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RE: Living near power lines - how close is too close?

Posted by johnqpublic (My Page) on
Sat, Aug 18, 07 at 22:29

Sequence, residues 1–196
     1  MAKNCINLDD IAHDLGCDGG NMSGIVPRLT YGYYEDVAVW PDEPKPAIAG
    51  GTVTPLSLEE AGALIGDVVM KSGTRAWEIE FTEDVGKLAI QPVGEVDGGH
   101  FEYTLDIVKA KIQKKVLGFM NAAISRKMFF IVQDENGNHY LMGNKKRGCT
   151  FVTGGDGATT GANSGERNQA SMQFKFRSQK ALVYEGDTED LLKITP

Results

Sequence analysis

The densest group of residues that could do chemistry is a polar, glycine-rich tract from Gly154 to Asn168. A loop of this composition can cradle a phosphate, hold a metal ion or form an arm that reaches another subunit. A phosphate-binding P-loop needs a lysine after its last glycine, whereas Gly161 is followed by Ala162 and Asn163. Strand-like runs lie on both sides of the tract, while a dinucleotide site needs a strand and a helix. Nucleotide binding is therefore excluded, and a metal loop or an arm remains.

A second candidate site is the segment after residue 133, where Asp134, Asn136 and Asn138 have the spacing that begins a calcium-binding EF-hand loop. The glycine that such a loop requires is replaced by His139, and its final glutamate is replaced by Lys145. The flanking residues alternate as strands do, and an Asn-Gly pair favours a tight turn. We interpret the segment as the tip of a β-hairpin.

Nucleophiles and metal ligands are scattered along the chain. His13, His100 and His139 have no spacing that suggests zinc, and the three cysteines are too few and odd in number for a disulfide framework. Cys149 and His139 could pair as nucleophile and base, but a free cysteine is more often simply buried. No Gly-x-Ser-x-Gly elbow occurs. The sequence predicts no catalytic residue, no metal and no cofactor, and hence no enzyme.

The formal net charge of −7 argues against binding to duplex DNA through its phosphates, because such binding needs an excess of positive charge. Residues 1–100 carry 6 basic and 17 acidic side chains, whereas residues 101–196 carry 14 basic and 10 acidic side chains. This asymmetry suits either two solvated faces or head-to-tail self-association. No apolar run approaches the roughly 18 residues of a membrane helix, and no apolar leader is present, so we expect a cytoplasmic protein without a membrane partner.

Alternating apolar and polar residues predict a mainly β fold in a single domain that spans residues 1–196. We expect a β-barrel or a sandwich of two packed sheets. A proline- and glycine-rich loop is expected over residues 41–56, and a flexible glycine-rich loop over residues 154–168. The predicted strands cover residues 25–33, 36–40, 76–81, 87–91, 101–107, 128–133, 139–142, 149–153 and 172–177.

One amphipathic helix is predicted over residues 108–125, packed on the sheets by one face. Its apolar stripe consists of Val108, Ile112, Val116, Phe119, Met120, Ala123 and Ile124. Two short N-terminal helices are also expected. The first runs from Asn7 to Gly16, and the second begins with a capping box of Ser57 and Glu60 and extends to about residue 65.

...anyone see, or hear ANY class-action lawsuits by retired railroad and power utility employees, EVER? Railroads have their own, much more powerful, power grids and power distribution to the tracks! ...any missing persons cases of the retirees vanishing into thin air by spontaneous combustion? ...any trees, bushes, grass... home gardens... frogs, foxes, deer, squirrels... mutate insanely, mutate at all?! ...think hard, be honest with yourselves, for the obvious answer: No. Of course, poor Idiots who will say and/or do anything to get out from under, especially for money from lawsuits, health insurance claims, and life insurance claims, never tell you how they really got sick with bad internal infections which almost never heal, and are often fatal, like ulcers, when they were careless and wreckless and worked for asbestos factories, and they never tell you the documented medical fact 75% of all tumors contain talc particles from talcum powder in baby powder. Asbestos use is highly for limited use. Pure talcum powder has not been sold in the U.S. since 1971, but is added to baby powder to heal diaper rash, and even baby powder is not meant for use for many years, and definitely not for a lifetime! As you know, power grid output increased through the years while transformers reduce the output to much lower levels than 50 to 75 years ago, and even before then, for power distribution through the power lines, and then again to even lower levels to residences and businesses. Power grid, transformer, and power line designs and materials are much more efficient and safe these days. 1979, yes 1979, with power lines in use since before 1900!, was the first attempt of Idiots who tried to blame power companies for their own stupidity for the lawsuit and insurance money. Many of these Idiots fake their own deaths for their own life insurance money by filing false death certificates and documentation of cremation because the big life insurance companies will pay life insurance claims after a cremation! Ask any of the major life insurance company salesmen/women yourselves. ...and sorry, folks, but tobacco doesn't do it, as annoying as second-hand smoke is, especially from stale tobacco, resulting in abdominal pain, and often diarrhea. Look at how many, many VERY old people still smoke, even cigars, since BEFORE they were adolescents, with no cancer!